But, in a series of posts that culminated with his return to the lap of his Powerbook's luxury, Tim has been talking about his trials and tribulations with Ubuntu (widely regarded as one of the more revolutionary and promising versions of desktop Linux) and used two words -- "wrangling" and "gyrations" --  in his last post that leap off the page as having long been (in my mind) desktop Linux's key stumbling blocks.  Those two words perfectly describe every one of my attempts to work with desktop Linux. They may not apply to everything about desktop Linux and in fact, in the experiences of most people, only to very few things. But those things are usually so important that many people who are not nearly as capable as Tim see an uphill battle of wrangling and gyrating that's not worth the effort. Tim, by the way, never got Flash to work on his setup [Somehow left in the clipboard but supposed to have been pasted here when I originally published: That said, Tim did lead off his latest My mac is back post with "On balance, the Mac experience is better. But Ubuntu is not that far behind, and it’s catching up."]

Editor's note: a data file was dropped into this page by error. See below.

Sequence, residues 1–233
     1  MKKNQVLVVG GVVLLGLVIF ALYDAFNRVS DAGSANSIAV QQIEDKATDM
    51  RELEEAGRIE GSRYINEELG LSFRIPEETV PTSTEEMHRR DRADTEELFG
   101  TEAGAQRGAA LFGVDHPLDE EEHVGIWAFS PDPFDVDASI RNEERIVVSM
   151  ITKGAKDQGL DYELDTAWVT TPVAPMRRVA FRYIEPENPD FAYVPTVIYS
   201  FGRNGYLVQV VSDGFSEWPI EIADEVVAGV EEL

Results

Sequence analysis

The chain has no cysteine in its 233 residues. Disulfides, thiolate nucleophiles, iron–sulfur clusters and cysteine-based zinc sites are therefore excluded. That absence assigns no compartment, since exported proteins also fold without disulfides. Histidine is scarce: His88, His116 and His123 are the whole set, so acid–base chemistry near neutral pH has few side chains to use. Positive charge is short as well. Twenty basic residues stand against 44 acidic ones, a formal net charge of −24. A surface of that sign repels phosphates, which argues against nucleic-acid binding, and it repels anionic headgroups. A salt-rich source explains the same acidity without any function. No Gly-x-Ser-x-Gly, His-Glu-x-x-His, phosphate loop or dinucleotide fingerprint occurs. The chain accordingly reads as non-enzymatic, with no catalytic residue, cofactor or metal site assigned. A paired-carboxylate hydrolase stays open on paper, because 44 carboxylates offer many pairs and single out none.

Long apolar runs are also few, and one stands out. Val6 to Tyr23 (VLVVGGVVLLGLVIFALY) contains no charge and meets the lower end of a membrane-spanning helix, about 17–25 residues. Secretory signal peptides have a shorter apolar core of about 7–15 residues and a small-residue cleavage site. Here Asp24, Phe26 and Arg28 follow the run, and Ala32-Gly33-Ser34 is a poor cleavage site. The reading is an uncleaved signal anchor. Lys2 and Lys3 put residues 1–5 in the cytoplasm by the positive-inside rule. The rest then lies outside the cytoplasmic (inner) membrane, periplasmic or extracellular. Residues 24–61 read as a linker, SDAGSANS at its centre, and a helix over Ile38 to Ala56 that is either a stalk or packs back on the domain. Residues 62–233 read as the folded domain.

Our thread now switches to Eric Raymond, regarded by many as the father of open source due to, amongst other things, his authorship of The Cathedral and the Bazaar.  At this week's LinuxWorld, Eric has apparently issued a gloomy report card for desktop Linux's prospects unless certain compromises to bridge the gap between open source and proprietary systems are made very soon. Echoing in some respects the barrier problem when it comes to people without the know-how, time, or patience to wrangle or gyrate, The Register's report of what Eric said goes something like this: